The Critters

by David Galassie
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Some careers of 1960s rock and roll artists were cut short or stifled by the draft and the Vietnam War. Many famous examples litter the rock landscape- Gary Lewis and Archie Bell come to mind. Then there's the case of Don Ciccone, lead singer, guitarist, songwriter of The Critters.

While his initial foray into rock immortality was encumbered by a stint in the Air Force, he rebounded in an even bigger way and built even more solid credentials as time wore on.

The genesis of The Critters begins in 1964 as Don Ciccone auditioned for a successful local band called The Vibratones in Plainfield, New Jersey, which was seeking a rhythm guitarist who could also sing. Don's friend, Bob Podstawski (who would later become the saxophonist for The Critters) introduced him to the Vibratones' leader, Jim Ryan.

It didn't hurt that Podstawski touted Don's songwriting abilities at the audition and soon Don was a part of the group which consisted of Don, Jim Ryan on lead guitar, Kenny Gorha on bass, Chris Darway on organ, and Jack Decker on drums. Paul Iovino, who played rhythm guitar, soon left the group and Podstawski then joined.

Through the efforts of Don Ciccone, the group eventually landed a recording contract with Kapp Records. Their management team suggested the band use "Younger Girl," a number written by The Lovin' Spoonful's John Sebastian, as their debut single. But during the recording, one of Kapp's producers heard Don rehearsing a song he'd recently written called "Mr. Dieingly Sad." He was so overwhelmed by the song that he stopped the "Younger Girl" recording session and insisted the group immediately record this new song.

"Younger Girl" was nevertheless released as the group's first single and did very well, rising to number 42 on the Billboard chart in May 1966. "Mr. Dieingly Sad" eclipsed the previous single's success, reaching number 17 in August of the same year. But before the album was even completed, Don Ciccone was drafted and he entered the Air Force. Soon after, Podstawski and Decker entered the military, too. Needless to say they didn't have the time anymore to bask in the attention the group was getting.

As Don Ciccone stated in one interview," In the first several months of being in the service, I received a package...and in that package was The Critters' first album...I was drafted into the military before the album was completed." It must have been strange and utterly frustrating to have earned that notoriety but being unable to build upon it.

The group went on without three of its vital members and Jeff Pelosi (drums) and Bob Spinelli (keyboards) joined the group in late 1967. Despite further releases, the group failed to recapture the success of the original lineup and the band dissolved in 1968. But one member of The Critters wasn't done with the music business just yet.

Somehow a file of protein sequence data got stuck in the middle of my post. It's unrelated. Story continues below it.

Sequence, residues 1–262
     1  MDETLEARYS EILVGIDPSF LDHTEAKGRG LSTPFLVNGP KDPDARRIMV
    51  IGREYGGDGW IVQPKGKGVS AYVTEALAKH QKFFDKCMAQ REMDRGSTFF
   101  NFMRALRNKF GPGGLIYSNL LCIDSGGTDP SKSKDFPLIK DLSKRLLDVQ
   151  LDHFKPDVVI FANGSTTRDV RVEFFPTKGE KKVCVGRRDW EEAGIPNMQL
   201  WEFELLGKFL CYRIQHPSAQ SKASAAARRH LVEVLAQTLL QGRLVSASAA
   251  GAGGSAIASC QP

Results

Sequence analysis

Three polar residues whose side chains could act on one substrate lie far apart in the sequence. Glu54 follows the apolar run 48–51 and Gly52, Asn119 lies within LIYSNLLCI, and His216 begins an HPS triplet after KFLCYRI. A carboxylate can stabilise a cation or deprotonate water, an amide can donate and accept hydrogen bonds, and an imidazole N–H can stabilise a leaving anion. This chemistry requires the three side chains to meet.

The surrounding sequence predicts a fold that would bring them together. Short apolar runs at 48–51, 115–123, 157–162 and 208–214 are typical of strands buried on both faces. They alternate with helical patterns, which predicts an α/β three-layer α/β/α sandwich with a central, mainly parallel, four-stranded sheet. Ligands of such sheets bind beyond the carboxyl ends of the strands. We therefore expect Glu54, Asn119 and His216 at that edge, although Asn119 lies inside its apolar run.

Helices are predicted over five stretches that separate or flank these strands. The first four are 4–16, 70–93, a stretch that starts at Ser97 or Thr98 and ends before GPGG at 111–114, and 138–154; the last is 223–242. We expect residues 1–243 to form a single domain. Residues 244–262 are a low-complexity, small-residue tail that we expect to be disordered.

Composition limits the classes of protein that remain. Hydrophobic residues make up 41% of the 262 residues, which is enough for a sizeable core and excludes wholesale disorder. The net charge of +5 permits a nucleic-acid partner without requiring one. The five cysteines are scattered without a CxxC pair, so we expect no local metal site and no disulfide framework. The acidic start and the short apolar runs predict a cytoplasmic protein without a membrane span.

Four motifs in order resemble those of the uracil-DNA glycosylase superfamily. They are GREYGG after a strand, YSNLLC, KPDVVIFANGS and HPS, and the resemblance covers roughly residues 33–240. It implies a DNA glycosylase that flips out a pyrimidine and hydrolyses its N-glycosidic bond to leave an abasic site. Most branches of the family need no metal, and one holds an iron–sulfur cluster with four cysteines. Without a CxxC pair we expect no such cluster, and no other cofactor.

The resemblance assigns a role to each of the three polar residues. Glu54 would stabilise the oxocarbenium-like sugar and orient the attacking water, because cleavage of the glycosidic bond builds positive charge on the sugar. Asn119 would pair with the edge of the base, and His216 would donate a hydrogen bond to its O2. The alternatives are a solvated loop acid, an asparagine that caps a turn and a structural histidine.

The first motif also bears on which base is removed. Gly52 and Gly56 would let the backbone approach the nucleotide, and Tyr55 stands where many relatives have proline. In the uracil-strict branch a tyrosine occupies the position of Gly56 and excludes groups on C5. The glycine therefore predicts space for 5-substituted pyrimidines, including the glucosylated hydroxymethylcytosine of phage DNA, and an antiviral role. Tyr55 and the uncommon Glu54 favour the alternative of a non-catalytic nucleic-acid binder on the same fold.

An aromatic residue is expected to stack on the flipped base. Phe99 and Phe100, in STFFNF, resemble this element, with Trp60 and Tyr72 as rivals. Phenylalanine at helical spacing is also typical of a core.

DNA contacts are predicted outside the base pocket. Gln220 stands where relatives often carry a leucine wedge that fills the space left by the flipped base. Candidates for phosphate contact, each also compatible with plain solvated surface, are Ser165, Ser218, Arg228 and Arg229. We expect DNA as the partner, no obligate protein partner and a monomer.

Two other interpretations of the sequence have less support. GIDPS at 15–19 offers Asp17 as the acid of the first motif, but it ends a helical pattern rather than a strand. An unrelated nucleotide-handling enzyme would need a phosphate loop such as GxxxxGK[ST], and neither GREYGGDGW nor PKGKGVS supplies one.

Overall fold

Upon his discharge from the Air Force, Don took meetings with various record companies but their "what have you done for me lately" attitude got him nowhere. It was an eyeopener. The successes of 1966 meant nothing to the record execs in 1968.

But Don persevered, keeping his hand in the business by opening his own lead sheet company. Lead sheets are a type of condensed musical notation which is preferred by some musicians; it can be easier to read than conventional sheet music. Don had done lead sheets for a songwriter named Tony Lordi, a big fan of The Critters.

After Lordi had lunch one day with Frankie Valli, Ciccone received a phone call later inviting him to join The Four Seasons. He played bass and lead guitar for 10 years and even did lead vocals on "Who Loves You" and "December 1963 (Oh What a Night)."

Today, Bob Podstawski owns a NAPA store in New Jersey, Chris Darway is an artist and photographer, and Jim Ryan has written many recognizable themes for films and documentaries.

Kenny Gorka owns the Bitter End in Greenwich Village and as for Don Ciccone, he is a solo artist and his most recent CD contains new versions of "Younger Girl" and "Mr. Dieingly Sad." Coming full circle, for a band once touted as The Lovin' Spoonful, Jr., The Critters' music lives on even today.


Your article on The Critters was recently brought to my attention. There are a few corrections of note.

I was in the Vibratones before Don as he and I had a falling out from his previous group "Don and the Chevelles".

When the group decided to upgrade from Iovino, I mentioned Don and the audition ensued. It was our manager Jerry Davis that got us the Kapp gig. Artie Ripp produced us and we recorded Younger Girl first simply because he said so.

Dieingly Sad was done AFTER Girl was completed and recorded as part of our first album effort.

I was in fact drafted first, then Don then Jack Decker.

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